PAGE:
Be Your Own Birder

The Wild Parrots of Telegraph Hill

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  • Author: Mark Bittner
  • Publisher: Three Rivers Press
  • Publication Date: 2004
  • Pages: 299

Be Your Own Birder’s Thoughts

Birders visiting San Francisco may be surprised to see large numbers of parrots – and not in pet shops or cages. The city is home to a large feral flock of red-masked parakeets (Psittacara erythrogenys), more popularly known as cherry-headed conures. The most famous population is found around Coit Tower and the gardens on Telegraph Hill, and is the subject of Mark Bittner’s The Wild Parrots of Telegraph Hill. The parrots first came to Bittner’s attention when he was at a spiritual crossroads in his own life, and while he admits “it was never [his] intention to make a big thing out of watching the parrots” as he got to know the birds, he realized “if [he] was patient enough, there might be no limit to how close [he] could get to the parrots.”

Ultimately, Bittner is as close to the feral parrots as any backyard birder is to their favorite avian guests. His keen observations stretch over several years and provide a comprehensive look at the flock, including how it grows and evolves, power struggles between different birds, and the unique personalities of each member. Bird stress, playful behavior, and avian emotions are all explored in great detail through the lives of individual parrots.

Though Bittner’s observations are insightful, his personification of the birds can be extreme, even to the point of attributing speech and motivations to individual birds. While he frequently claims to be studying the flock, he shares very little quantitative data and only vaguely refers to reference material or, on several occasions, consulting local experts for advice or information.

While birders can enjoy the insights Bittner shares, some of his experiences are likely to be off-putting. Several times he takes one or more of the parrots into his home, seeking to help sick or injured birds but doing so without any rehabilitation training or licensing. Granted, the flock is feral and non-native, which puts it in a gray area of captivity, but when some of the birds react negatively to his efforts and he is obviously causing greater distress, he does not relent and does what he thinks is best. Similarly, he takes steps to release another former pet parrot into the flock, readily admitting that such actions are illegal, but he would still do so for his own sentimentality in order to get one of the wild birds a mate.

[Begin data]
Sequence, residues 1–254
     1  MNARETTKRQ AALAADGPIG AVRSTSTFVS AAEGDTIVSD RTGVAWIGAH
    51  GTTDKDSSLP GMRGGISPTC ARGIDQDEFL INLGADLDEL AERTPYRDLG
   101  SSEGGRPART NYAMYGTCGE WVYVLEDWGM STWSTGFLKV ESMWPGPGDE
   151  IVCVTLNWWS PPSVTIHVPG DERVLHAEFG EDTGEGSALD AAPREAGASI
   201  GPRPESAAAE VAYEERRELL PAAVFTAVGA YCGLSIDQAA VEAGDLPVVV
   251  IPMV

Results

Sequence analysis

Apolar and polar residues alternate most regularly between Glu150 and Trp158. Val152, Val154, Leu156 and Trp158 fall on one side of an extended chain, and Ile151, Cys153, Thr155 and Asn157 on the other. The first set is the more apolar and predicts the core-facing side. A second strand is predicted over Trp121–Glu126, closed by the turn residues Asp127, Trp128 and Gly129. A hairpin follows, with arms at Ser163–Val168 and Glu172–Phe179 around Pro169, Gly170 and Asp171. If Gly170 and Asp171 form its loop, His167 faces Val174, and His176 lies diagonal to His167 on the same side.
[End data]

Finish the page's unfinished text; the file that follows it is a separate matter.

Though Bittner’s approach is unorthodox, there is no doubting his genuine affection for the parrots. As the flock grows, he maintains strong connections to several older birds he has come to recognize, but his relationships with others are superficial at best and his writing can be choppy as he attempts to keep up with too many birds at once. Fortunately, the “Cast of Characters” (pages 279-288) helps distinguish individual birds, including those that may have been renamed as they become more unique in his eyes.

Feral birds are a part of city life, and while not every urban area is home to a thriving parrot population, Bittner states it well when he says “You can find nature anywhere, even in a big city like San Francisco.” He ultimately sees that while many more dedicated birders may frown upon feral populations “as if they could never be authentic wild birds” he also recognizes the pressures that non-native, introduced species can put on wild birds. Still, “to punish nature is absurd – especially given that humans created the problem.”

The Wild Parrots of Telegraph Hill helps every reader realize that, while urban parrots may not be native, they can still be enjoyable birds to get to know as intimately as any backyard species.

Worth Reading? Sure – 7/10!

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